Mike King (PhD) talked about the Centre for Postsecular Studies which he has founded at the London Metropolitan University. He started by explaining the origin and meaning of the word Post Secular, which relates to a renewal of interest in spiritual life as a mode of being in the world. Incorporating, rather than dismissing secular values, it also means recognition that secular rights and freedoms of expression are a prerequisite to the renewal of spiritual enquiry. Mike took us through his own taxonomy of religion which he calls a baggy schemata and which cuts the cake of religion in different and interesting ways. We were then taken on a historical survey in which he covered the presecular up to mid 19th century, the secular 20th century and then went on to identify those movement which brought the spiritual dimension into all areas of life and living, which has become particularly obvious in the West in the last 20 years. In the secular world the language of religion and spirituality became completely absent as seen in the writings of Darwin, Freud and Marx, the architects of the secular mind but towards the end of the 20th century, writers like Zukav and Capra brought the idea of spirituality back via the language of the secular, physics. Mike pointed out that as the philosophers of the Enlightenment used physics to underscore a secular move forwards, now too has physics become a vehicle to explain a material world with concepts familiar to the spiritually inclined. Mike has identified 8 contexts in which the postsecular is relevant: (1) the new sciences of quantum mechanics, relativity and chaos (complexity) theory which challenge the deterministic, mechanistic and reductionist worldview. (2) the emerging field of consciousness studies (3) transpersonal psychology from Jung to Wilber (4) sections of Postmodern thinking including Heidegger and Levinas (5) sections of Christian theology, in particular the ‘Radical Orthodoxy’ inspired by Postmodernism (6) the creative arts in the 20th century, for example artists from Brancusi to Bill Viola who have explored a wide range of conventional and unconventional spiritualities in their art (7) deep ecology and ‘ecosophy’; mystical approaches to Nature from Thoreau to Dillard and (8) New Age and new religious movements. Following this meeting, a new group for Postsecular Studies has been formed and will be coming together on the second Tuesday of the month for the next 7 months (at least) for discussions on the theme. If you wish to join, please contact either[email protected] or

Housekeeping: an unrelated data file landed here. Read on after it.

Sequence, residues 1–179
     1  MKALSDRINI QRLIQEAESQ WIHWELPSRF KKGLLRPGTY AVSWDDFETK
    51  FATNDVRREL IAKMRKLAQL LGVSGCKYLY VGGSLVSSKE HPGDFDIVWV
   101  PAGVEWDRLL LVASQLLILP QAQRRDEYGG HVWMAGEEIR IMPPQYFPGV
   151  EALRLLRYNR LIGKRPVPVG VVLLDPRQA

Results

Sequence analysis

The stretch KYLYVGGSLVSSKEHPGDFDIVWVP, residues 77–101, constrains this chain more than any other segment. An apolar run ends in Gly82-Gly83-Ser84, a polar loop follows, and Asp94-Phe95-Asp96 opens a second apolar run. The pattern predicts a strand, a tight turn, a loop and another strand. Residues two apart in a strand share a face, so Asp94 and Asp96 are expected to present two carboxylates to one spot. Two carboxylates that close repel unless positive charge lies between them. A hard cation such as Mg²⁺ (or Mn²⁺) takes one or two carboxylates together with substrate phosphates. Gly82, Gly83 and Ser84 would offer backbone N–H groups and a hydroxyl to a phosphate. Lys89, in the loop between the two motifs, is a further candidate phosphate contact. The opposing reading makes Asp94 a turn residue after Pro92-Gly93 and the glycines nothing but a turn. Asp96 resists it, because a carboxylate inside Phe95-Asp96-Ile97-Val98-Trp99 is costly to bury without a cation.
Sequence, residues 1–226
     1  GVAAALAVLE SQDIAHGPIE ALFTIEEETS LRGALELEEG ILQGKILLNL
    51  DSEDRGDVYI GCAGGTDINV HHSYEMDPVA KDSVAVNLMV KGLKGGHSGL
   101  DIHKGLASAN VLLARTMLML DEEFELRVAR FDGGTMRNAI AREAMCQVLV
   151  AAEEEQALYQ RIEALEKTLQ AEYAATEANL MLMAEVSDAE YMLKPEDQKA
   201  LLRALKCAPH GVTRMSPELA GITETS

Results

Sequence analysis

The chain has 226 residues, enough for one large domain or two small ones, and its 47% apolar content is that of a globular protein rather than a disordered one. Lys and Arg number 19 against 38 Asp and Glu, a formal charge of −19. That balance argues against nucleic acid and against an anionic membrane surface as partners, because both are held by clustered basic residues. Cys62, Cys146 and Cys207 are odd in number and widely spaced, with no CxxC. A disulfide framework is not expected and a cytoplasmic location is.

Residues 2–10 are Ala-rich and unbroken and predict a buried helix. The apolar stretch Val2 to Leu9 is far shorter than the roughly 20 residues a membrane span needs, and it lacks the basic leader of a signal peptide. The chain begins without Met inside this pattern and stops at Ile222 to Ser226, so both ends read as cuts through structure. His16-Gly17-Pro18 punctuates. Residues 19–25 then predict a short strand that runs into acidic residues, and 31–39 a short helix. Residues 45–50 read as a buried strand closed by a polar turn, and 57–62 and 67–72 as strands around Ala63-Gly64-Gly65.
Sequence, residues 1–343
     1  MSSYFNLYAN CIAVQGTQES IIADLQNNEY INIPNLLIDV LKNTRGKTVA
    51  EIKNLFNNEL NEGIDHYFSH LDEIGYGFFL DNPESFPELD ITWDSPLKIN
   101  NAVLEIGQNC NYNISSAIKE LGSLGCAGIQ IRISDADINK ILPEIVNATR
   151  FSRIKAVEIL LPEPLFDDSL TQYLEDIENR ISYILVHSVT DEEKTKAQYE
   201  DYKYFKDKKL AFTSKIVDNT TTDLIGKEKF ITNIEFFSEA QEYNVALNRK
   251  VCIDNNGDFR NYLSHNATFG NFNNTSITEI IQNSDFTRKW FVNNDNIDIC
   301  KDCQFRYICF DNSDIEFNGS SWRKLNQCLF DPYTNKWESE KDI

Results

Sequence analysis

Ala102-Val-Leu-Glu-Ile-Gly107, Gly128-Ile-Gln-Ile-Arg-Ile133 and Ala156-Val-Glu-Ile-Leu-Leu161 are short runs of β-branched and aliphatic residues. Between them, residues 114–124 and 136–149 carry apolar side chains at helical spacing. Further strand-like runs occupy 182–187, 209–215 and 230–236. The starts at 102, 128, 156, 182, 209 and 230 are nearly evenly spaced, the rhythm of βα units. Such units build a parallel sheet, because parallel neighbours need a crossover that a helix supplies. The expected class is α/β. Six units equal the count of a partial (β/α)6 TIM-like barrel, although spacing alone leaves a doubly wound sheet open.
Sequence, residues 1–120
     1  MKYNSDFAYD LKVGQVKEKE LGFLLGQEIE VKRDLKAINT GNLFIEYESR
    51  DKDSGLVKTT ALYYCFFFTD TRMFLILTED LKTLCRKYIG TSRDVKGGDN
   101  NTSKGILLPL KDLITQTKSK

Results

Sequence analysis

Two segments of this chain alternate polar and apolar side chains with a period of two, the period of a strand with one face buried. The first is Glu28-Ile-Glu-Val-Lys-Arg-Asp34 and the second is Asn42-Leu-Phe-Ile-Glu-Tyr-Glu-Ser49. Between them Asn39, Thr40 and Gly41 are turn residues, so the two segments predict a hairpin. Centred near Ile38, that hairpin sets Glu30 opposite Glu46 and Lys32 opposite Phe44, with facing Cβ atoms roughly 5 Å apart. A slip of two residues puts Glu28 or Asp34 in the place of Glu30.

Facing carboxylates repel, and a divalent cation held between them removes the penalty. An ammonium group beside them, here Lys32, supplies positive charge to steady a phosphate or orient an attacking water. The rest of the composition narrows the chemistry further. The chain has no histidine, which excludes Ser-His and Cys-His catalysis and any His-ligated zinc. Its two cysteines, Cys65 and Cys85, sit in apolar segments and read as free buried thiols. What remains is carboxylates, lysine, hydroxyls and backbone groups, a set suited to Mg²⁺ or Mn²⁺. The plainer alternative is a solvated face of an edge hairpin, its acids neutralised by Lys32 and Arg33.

[email protected]